Of course, it helps that he gets such a positive, almost thrilled reaction to everything he says, simply because he’s speaking Chinese. This is not just because he is a billionaire CEO. As Brian Fung points out, “it’s hard to understate how much cultural and political messaging is bound up in a white person speaking Chinese, even bad Chinese … seeing a foreigner deign to speak the national language for a change can yield sheer delight.”

If a Chinese person were to speak in English at a U.S. university at a level on par with Zuckerberg’s Chinese, it would be received with dismay, not delight. But that doesn’t mean the Chinese person didn’t have to work just as hard to get to that level. We should be impressed with Zuckerberg’s Chinese—he put in the effort when he didn’t have to, after all, but we should also remember to be impressed by the many people we meet every day who had to learn English as adults. They’ve likely never had anyone tell them how well they speak it. Take a moment today to spread some language love. Or at least a few likes.

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The Most Searched Shows on Netflix in 2017, By State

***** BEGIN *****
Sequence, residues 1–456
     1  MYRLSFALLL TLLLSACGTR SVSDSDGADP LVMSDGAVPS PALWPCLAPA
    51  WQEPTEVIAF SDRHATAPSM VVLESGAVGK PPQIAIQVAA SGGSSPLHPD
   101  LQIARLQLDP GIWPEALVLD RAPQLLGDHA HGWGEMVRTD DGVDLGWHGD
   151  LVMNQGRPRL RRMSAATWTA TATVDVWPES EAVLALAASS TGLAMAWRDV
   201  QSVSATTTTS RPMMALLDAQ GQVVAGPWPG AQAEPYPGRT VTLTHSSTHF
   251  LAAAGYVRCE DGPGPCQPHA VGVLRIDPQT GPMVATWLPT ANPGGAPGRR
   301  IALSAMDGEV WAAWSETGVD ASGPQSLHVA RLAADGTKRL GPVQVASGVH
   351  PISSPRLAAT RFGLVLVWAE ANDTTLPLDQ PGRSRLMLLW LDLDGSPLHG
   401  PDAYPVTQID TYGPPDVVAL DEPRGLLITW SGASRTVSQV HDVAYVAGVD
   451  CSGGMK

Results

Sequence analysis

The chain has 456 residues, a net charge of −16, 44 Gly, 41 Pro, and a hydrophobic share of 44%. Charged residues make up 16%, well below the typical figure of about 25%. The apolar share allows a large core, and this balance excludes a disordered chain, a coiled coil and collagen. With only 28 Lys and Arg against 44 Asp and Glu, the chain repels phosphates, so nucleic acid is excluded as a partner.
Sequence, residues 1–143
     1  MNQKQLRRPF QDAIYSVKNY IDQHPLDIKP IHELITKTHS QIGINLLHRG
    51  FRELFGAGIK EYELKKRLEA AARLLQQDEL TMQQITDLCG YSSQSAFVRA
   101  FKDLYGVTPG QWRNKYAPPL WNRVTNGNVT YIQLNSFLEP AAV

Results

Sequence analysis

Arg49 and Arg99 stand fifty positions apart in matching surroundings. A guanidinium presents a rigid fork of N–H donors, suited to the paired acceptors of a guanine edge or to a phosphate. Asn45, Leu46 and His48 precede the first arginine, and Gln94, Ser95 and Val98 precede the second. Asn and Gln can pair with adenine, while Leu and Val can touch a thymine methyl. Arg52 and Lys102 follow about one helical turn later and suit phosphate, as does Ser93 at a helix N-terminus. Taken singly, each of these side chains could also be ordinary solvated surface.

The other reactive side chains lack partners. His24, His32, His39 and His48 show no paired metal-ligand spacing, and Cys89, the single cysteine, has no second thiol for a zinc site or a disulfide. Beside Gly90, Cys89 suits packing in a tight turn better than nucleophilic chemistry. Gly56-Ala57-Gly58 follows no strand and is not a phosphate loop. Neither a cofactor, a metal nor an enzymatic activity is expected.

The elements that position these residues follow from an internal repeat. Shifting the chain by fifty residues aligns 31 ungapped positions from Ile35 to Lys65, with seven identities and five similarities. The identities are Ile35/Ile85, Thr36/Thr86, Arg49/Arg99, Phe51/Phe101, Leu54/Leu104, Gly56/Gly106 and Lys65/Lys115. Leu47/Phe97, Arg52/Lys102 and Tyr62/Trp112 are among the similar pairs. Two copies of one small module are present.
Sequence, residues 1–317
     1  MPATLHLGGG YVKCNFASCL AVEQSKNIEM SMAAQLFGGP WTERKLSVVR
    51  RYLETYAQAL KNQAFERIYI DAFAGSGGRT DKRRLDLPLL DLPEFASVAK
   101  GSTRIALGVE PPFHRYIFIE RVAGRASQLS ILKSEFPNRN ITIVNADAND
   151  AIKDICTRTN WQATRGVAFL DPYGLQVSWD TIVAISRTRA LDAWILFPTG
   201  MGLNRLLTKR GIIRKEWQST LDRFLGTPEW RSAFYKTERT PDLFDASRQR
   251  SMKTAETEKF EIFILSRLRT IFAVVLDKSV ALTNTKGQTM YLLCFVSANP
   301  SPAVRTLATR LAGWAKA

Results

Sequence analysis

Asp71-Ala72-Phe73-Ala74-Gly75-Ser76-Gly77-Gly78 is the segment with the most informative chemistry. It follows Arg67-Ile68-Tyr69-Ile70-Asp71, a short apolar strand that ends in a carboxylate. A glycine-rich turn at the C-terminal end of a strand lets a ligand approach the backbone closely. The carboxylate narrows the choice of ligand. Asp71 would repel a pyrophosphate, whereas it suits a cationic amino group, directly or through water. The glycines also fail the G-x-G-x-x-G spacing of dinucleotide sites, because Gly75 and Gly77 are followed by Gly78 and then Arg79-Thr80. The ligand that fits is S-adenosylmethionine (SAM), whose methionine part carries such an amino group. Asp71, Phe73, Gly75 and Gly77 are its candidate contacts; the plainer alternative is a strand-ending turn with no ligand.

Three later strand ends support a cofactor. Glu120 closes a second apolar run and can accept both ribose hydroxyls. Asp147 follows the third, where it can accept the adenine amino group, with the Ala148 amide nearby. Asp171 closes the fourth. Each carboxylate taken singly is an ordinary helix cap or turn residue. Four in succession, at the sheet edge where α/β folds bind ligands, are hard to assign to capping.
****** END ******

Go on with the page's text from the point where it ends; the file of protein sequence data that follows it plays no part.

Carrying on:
Orange is the New Black is the new black, at least as far as Netflix viewers are concerned. The women-in-prison dramedy may have premiered in 2013, but it’s still got viewers hooked. Just as they did in 2017, HighSpeedInternet.com took a deep dive into Netflix analytics using Google Trends to find out which shows people in each state were searching Netflix for throughout the year. While there was a little bit of crossover between 2016 and 2017, new series like American Vandal and Mindhunter gave viewers a host of new content. But that didn’t stop Orange is the New Black from dominating the map; it was the most searched show in 15 states.